Four (more) people you might have met in the elevator.
January 15, 2019
Ana: I work with disability. What I’m trying to do is figure out what disability actually means, how disability is represented, and if that representation matches the lived experiences of people with disabilities. I work with video, drawings, and some printmaking. I came to grad school because I wanted to work in disability studies, with a focus on Mexico. Most of the theories that are written about disability studies are written in English, from the perspective of the United States and of Europe. I think Latin America is in a different … not stage, but different things are going on there. I want to put this theory together with reality. I hope to keep working on that for the next few years. I’m also currently in the early stages of a project called ‘contra el certificado de discapacidad,’ in which I try to break down the taxonomy of disability that is made by a world-held organization. The words that define disability, we don’t really know what they mean.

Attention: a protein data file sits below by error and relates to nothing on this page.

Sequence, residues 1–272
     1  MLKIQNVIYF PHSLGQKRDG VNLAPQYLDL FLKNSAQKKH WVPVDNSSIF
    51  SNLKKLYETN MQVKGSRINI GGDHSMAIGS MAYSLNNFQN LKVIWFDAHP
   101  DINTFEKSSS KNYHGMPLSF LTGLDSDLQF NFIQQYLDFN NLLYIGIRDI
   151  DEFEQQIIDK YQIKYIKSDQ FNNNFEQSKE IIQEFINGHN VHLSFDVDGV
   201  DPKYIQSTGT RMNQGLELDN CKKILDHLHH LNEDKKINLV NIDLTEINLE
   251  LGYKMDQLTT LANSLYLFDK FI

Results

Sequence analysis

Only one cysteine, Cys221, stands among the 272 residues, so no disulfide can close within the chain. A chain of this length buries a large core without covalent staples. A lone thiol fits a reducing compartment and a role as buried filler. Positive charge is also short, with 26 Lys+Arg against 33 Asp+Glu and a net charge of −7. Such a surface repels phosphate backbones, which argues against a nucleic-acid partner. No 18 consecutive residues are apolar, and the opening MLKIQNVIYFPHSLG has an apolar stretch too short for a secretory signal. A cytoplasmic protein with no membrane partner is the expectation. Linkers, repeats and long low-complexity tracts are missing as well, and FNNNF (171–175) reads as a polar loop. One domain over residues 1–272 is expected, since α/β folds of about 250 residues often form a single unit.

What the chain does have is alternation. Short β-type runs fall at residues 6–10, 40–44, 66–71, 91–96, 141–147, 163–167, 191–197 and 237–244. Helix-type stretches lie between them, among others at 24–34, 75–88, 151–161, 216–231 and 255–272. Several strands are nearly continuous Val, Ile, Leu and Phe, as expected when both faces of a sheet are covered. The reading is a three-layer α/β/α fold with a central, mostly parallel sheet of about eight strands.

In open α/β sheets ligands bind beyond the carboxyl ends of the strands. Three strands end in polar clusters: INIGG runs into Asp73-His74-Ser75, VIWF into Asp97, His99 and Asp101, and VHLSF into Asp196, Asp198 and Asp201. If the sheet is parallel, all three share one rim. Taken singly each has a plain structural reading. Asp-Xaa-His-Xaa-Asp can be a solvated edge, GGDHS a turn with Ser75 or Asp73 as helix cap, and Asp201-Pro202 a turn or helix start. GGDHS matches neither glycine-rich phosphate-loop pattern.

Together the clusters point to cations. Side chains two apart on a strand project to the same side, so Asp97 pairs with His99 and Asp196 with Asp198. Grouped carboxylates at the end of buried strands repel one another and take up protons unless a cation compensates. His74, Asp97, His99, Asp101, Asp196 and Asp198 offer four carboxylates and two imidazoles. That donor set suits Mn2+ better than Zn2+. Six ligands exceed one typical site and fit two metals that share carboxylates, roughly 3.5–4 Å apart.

Valerie: Design stresses me out, even though it's a lot of fun. I write essays to take a break from architecture. So, I’m thinking of going into academia after SAIC but recently, mental health has come to my attention. I’ve been reading a lot about it and thinking about the fact that there’s not a lot of wellness in architecture. It’s the complete opposite, especially within architecture education, let alone designing for mental health. You realize how important it is because you’re designing literal environments for people that affect their psychology and wellbeing. It’s so important for that to be one of the core issues of design. So I’ve been talking to a former SAIC architecture student about that and trying to figure out how the two can come together. Happiness is something that I choose every day, and it doesn't depend on the things that happen to me. Shitty things might happen, but as long as you have a positive attitude and you’re aware of what you're grateful for — for me anyway, that’s what keeps me strong.